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By Catholic Online (NEWS CONSORTIUM)

10/9/2013 (1 year ago)

Catholic Online (

Scramble for precious metal has killed hundreds of tribesmen

It's a land of stark contrasts, that says a lot about worldly goods and earthly possessions. The Jebel Amer area in Darfur, western Sudan from outward appearances is a place of devastating poverty. Unpaved roads and mud huts dot the landscape. Underneath its scorched earth, however, lies a precious commodity that the world craves: gold. This disparity has led to hundreds of local tribesmen being killed in the mad scramble to mine it.

More than double the number of all people killed by fighting between the army, rebels and rival tribes in Darfur in 2012,  the fight for gold has left a heavy toll in this African nation.

More than double the number of all people killed by fighting between the army, rebels and rival tribes in Darfur in 2012, the fight for gold has left a heavy toll in this African nation.


By Catholic Online (NEWS CONSORTIUM)

Catholic Online (

10/9/2013 (1 year ago)

Published in Africa

Keywords: Darfur, gold, conflict, Sudan, South Sudan

LOS ANGELES, CA (Catholic Online) - Darfur has been a highly unstable and bloody land torn apart by conflict. In the past year or so, however, that has changed from ethnic and political fighting to one over gold.

Rival tribes have fought over the Jebel Amer gold mine, that stretches six miles beneath the sandy hills of North Darfur. More than 800 people have been killed and 150,000 more people have been displaced since January. Arab tribes, once heavily armed by the government to suppress insurgents, have turned against each other in the scramble for material wealth. Rebel groups that oppose the government also want the metal.

More than double the number of all people killed by fighting between the army, rebels and rival tribes in Darfur in 2012,  the fight for gold has left a heavy toll in this African nation.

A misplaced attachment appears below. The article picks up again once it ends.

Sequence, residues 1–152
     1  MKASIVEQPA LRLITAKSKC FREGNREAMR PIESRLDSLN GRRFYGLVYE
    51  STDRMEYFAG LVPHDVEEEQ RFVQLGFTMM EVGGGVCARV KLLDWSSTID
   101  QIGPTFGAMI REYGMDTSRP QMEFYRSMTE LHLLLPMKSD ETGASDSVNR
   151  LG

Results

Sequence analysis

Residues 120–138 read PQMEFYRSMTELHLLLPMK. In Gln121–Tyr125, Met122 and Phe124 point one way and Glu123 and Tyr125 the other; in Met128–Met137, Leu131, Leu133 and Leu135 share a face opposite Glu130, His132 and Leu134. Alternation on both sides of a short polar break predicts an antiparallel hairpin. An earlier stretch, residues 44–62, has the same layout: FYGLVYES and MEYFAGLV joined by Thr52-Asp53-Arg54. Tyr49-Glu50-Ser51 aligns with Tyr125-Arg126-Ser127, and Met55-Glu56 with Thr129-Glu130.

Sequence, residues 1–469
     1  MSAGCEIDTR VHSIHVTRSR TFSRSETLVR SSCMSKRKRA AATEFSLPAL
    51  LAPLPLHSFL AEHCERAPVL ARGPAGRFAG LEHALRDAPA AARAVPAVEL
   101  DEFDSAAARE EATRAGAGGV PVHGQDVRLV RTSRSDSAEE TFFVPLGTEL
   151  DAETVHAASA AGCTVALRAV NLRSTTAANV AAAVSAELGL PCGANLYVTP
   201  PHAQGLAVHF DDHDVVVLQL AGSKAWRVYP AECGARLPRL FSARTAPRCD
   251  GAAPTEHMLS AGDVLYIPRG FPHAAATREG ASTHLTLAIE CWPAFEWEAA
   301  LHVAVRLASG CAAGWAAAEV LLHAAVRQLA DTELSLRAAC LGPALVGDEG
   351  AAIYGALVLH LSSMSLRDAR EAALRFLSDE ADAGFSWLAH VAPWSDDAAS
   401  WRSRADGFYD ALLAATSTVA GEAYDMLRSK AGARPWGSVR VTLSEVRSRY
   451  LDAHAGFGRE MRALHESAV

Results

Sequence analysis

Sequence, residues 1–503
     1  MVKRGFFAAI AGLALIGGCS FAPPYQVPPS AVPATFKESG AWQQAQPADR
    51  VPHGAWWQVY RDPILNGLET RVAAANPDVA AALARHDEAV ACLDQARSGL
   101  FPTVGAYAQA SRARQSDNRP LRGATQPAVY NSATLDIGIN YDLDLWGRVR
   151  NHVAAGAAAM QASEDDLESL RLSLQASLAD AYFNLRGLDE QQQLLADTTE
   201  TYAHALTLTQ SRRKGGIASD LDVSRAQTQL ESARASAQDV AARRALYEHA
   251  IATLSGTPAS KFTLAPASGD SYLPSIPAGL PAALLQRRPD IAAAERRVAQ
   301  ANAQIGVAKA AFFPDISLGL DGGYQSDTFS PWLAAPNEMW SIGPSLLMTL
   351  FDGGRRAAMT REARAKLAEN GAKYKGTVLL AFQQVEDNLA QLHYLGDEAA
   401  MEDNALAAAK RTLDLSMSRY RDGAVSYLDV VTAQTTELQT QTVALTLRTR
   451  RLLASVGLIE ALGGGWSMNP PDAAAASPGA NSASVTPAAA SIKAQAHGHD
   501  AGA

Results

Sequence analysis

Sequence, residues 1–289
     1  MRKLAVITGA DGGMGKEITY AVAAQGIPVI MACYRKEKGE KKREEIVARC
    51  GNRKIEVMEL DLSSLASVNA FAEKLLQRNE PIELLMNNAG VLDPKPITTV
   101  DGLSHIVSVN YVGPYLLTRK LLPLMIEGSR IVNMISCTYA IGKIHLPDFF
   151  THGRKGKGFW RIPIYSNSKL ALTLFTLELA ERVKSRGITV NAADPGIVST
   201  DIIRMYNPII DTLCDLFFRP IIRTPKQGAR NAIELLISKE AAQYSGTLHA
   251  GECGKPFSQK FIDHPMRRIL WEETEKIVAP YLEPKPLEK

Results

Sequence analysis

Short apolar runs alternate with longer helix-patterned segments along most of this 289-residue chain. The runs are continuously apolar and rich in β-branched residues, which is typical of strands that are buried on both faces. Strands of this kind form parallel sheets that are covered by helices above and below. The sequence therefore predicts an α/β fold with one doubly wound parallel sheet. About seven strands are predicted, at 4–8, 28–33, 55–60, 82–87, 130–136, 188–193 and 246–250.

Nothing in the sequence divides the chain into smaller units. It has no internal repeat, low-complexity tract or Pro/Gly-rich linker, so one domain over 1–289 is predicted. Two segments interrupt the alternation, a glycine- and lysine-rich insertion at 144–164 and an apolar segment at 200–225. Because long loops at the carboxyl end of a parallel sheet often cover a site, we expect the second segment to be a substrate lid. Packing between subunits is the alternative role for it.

According to United Nations Secretary General Ban Ki-moon's quarterly reports to the Security Council, the government has been complicit in the violence by encouraging at least one militia group to seize control of mines, a charge the government denies.

The Darfur conflict, until last year was between the government and its Arab militias, against three large rebel groups. The Jebel Amer attack changed that, dividing Arab tribes against each other. International peace efforts remain focused on bringing the main rebel groups into a Qatar-sponsored deal Khartoum signed with two splinter groups in 2011.

Qatar's deputy prime minister, Ahmed bin Abdullah al-Mahmoud, expressed concern about the recent tribal violence at the last meeting to discuss the Qatar deal last month. He stressed a key factor in bringing peace to Darfur would be to get the rebels to the negotiating table.

The conflict in Darfur began as a struggle between African farmers and Arab cattle-owning nomads. Fighting in Darfur since 2003 has killed more than 200,000 people and forced some two million from their homes according to human rights groups, growing into what the U.S. State Department described as genocide.

The International Criminal Court charged Sudanese President Omar Hassan al-Bashir in 2009 with war crimes for his role in the Darfur violence, charges he rejects.


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Pope Francis Prayer Intentions for October 2015
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